At 15, RTI Act crippled by rising backlog


Fifteen years after the Right to Information (RTI) Act came into force, more than 2.2 lakh cases are pending at the Central and State Information Commissions, which are the final courts of appeal under the transparency law.

The increasing backlog is exacerbated by the fact that most Commissions are functioning at reduced capacity, including the Central Information Commission (CIC) which has been headless since August.

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A report card brought out by the Satark Nagrik Sangathan and the Centre for Equity Studies to mark the anniversary on Monday found that Maharashtra had the highest number of pending appeals, with over 59,000 cases, followed by Uttar Pradesh (47,923) and the CIC (35,653).

At the current rate of disposal, the Odisha Commission would take more than seven years to dispose of all pending complaints, while the CIC would take more than two years, the report said.

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Odisha is functioning with just four commissioners, while Rajasthan has only three. Jharkhand and Tripura have no commissioners at all, and have been defunct for months. The CIC has no chief, and only five commissioners.

Under the law, every commission should have a chief and up to 10 commissioners.

The analysis also found that government officials face hardly any punishment for violating the law. Analysing data from 16 commissions in 2019-20, report found that penalties were imposed in only 2.2% of cases that were disposed of, despite previous analysis showing a rate of about 59% violations which should have triggered the process of penalty imposition.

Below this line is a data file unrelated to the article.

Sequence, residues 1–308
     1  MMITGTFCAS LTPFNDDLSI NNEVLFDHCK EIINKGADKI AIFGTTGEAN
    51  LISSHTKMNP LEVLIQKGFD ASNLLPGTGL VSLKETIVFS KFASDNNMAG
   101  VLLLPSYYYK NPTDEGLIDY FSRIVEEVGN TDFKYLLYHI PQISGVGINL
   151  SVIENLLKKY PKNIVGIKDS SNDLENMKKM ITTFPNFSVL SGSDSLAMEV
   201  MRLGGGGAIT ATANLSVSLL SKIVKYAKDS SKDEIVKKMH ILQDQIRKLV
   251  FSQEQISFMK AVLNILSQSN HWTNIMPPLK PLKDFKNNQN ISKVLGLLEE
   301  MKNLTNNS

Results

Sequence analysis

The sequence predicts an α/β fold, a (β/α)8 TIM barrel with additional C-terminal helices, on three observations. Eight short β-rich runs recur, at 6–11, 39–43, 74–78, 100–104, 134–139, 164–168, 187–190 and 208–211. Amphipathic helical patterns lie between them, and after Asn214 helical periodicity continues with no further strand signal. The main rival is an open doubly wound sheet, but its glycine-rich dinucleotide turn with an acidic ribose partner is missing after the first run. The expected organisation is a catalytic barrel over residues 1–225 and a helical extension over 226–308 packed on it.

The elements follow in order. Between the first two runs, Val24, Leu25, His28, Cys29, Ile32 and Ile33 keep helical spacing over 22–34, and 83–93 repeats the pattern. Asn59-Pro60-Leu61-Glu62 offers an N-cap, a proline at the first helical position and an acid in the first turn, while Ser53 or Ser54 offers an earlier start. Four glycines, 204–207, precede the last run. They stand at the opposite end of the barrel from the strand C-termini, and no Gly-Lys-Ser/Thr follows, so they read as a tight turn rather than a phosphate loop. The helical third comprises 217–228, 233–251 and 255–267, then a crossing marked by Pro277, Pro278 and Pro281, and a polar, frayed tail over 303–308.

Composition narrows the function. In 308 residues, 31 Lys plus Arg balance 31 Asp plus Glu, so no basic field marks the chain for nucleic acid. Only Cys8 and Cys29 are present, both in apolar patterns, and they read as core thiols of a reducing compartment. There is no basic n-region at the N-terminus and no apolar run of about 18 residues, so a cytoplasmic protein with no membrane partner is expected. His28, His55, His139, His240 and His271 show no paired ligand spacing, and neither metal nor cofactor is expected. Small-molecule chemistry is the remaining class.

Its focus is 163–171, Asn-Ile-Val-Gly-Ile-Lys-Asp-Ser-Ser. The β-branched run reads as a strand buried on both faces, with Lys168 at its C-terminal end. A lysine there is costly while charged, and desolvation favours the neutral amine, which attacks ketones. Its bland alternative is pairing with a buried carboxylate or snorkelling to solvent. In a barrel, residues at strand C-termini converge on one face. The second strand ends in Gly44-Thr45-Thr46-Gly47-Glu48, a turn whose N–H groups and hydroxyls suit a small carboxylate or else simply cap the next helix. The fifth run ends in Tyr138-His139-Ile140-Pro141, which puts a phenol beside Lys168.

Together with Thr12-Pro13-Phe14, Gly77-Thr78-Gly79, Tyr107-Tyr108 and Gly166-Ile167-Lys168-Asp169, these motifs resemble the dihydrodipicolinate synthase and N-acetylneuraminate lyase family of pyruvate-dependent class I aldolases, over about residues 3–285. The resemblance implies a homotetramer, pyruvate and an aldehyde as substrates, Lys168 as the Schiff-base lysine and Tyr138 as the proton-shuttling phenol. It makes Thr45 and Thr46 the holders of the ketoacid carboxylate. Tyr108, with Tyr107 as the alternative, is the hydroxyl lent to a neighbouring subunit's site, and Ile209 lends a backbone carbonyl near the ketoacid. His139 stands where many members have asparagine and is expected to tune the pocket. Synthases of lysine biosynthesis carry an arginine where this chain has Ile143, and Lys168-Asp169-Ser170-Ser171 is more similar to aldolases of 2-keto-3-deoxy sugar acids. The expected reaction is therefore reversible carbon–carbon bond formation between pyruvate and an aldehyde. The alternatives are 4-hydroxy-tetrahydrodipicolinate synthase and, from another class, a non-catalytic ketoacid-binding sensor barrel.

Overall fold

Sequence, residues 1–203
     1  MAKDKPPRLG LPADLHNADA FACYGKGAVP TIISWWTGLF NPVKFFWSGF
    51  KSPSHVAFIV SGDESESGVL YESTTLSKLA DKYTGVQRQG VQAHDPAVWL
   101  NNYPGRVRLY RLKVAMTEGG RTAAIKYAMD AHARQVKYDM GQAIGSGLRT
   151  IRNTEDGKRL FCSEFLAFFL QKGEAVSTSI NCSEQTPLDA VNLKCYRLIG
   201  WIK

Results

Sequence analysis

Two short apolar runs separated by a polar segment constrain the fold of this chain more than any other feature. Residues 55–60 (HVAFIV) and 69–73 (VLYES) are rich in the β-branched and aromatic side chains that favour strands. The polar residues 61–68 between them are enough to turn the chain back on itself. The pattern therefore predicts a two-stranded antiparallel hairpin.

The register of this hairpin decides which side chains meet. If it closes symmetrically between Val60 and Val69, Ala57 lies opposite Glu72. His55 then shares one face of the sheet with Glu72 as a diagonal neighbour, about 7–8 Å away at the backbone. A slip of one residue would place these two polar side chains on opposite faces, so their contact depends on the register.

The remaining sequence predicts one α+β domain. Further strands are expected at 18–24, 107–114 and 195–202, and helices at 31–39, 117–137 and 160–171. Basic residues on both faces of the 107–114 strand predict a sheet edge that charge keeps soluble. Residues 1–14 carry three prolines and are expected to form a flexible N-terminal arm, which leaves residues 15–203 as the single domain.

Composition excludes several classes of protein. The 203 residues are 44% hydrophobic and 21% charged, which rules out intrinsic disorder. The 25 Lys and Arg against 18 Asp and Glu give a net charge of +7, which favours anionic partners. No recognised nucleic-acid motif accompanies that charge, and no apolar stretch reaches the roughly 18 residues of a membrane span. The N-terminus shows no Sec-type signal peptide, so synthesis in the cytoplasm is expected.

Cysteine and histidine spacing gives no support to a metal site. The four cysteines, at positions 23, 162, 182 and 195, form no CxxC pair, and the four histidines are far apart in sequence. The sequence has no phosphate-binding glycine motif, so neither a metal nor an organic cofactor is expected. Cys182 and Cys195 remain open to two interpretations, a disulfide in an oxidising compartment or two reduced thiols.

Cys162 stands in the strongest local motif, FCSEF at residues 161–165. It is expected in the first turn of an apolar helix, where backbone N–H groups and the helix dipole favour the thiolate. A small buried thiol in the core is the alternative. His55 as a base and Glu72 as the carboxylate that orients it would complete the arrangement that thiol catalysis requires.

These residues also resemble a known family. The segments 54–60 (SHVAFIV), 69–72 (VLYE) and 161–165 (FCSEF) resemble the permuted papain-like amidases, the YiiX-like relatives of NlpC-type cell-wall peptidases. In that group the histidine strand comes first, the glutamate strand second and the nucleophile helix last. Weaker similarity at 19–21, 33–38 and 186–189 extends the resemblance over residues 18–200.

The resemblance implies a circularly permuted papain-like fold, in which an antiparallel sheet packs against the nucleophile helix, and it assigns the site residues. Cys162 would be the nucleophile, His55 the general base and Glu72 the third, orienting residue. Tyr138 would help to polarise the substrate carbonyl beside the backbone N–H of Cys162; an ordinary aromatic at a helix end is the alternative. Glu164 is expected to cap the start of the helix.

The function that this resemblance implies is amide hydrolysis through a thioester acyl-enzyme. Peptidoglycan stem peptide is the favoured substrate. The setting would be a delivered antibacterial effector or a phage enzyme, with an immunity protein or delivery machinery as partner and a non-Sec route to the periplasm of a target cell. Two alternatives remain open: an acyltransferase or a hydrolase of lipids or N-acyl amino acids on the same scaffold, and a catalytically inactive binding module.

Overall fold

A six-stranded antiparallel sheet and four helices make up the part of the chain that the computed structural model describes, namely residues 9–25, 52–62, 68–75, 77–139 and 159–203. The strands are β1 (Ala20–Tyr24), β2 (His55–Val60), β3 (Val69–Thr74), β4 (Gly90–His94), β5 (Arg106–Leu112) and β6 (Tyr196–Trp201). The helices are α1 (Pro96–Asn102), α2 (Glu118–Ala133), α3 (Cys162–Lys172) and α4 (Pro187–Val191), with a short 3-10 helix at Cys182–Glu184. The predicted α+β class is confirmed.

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“Non-imposition of penalties in deserving cases by commissions sends a signal to public authorities that violating the law will not invite any serious consequences. This destroys the basic framework of incentives built into the RTI law and promotes a culture of impunity,” said the report.

Out of almost 90,000 cases disposed of by the 16 commissions between April 2019 to July 2020, show cause notices were issued in more than 15,700 cases, and penalties imposed in 1,995 cases. Gujarat accounted for more than 9,000 show cause notices, but only 163 penalties. Overall, fines imposed amounted to ₹2.53 crore.

“The need to scrutinise the functioning of information commissions now is perhaps greater than ever before, given the unprecedented crisis gripping the nation due to the COVID-19 pandemic,” said the report, noting that relief and welfare programmes funded through public money are the sole lifeline for millions who have suddenly lost income-earning opportunities after the lockdown was imposed to contain the spread of the disease.

“If the poor and marginalised affected by the public health emergency are to have any hope of obtaining the benefits of government schemes, they must have access to relevant information,” the report noted.

“At a time when incentives for secrecy are great, and the scope for discretionary actions wide, the role of information commissions is crucial to ensure that people can obtain information on healthcare facilities, social security programs and delivery of essential goods and services meant for those in distress,” the report underlined.

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Printable version | Jan 23, 2021 4:58:37 AM |

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